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This in turn aided children who were backward in speech development to catch up. Anna Freud attributed all these happenings to the children’s transference on to the workers of their early relationships to their families. , pp. 219–222). , p. 239). 38 Anna Freud So great was the importance given to the child’s attachments that when children in the London nursery had to be evacuated to the country house because of renewed air raids, enormous efforts were made to preserve both their relationships to their own parents and those to their substitute mothers in the nursery.
REACTIONS TO EVACUATION The children The greatest emphasis, however, is placed on the children’s reactions to evacuation. The war acquires comparatively little significance for children so long as it only threatens their lives, disturbs their material comfort, or cuts their food rations. It becomes enormously significant the moment it breaks up family life and uproots the first emotional attachments of the child within the family group. London children, therefore, were on the whole much less upset by bombing than by evacuation to the country as a protection against it.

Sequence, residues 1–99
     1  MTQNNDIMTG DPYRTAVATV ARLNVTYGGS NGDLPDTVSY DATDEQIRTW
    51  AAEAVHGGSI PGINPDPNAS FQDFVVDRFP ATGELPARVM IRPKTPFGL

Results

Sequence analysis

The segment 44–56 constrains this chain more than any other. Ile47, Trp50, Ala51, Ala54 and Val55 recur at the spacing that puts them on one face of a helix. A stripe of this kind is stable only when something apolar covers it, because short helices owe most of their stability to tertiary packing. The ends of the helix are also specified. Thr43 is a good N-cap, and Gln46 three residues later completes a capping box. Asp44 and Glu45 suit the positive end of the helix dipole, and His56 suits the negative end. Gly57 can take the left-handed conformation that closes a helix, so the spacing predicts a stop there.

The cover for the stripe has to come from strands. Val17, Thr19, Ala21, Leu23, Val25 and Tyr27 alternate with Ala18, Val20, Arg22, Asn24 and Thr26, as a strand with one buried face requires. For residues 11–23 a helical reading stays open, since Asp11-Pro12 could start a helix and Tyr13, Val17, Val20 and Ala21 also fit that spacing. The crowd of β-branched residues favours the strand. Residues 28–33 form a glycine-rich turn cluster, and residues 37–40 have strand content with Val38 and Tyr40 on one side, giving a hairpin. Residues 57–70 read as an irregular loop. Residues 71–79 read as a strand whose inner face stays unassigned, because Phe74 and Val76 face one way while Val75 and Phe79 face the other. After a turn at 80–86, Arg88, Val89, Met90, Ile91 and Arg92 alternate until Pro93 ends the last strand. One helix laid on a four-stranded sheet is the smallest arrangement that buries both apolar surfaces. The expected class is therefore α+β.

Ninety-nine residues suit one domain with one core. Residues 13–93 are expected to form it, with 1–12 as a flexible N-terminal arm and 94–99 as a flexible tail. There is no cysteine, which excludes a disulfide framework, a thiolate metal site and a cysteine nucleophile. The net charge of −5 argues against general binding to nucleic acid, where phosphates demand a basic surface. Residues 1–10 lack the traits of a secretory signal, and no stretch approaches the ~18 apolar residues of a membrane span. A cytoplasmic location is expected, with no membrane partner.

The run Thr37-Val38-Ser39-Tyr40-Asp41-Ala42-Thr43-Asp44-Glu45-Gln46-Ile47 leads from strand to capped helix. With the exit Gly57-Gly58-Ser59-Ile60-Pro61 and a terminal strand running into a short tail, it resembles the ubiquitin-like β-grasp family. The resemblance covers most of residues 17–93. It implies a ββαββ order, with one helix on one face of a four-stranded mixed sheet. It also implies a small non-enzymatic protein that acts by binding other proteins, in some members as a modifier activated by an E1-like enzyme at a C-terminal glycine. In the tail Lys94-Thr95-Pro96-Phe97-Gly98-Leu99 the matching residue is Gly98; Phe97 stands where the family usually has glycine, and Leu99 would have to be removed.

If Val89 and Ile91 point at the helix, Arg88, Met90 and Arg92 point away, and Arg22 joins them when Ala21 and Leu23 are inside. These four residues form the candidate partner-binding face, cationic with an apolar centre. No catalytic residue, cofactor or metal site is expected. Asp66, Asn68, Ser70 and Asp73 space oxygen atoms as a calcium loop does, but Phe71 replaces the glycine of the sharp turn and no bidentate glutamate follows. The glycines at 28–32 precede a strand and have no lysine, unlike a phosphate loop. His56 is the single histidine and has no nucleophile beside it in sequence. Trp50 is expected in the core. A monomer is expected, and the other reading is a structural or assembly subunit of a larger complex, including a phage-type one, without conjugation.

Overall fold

If such love is not available, education either has to threaten or to drill or to bribe – all methods unsatisfactory in their results. , pp. 130–131) A much more elaborated view of development was given in report 12, which summarised findings in the first year of the nurseries’ existence. Physically, most of the children were better off in the residential nursery where they were better fed even on wartime rations than those from poor homes had been before the war. They slept better than in the underground shelters and tube stations.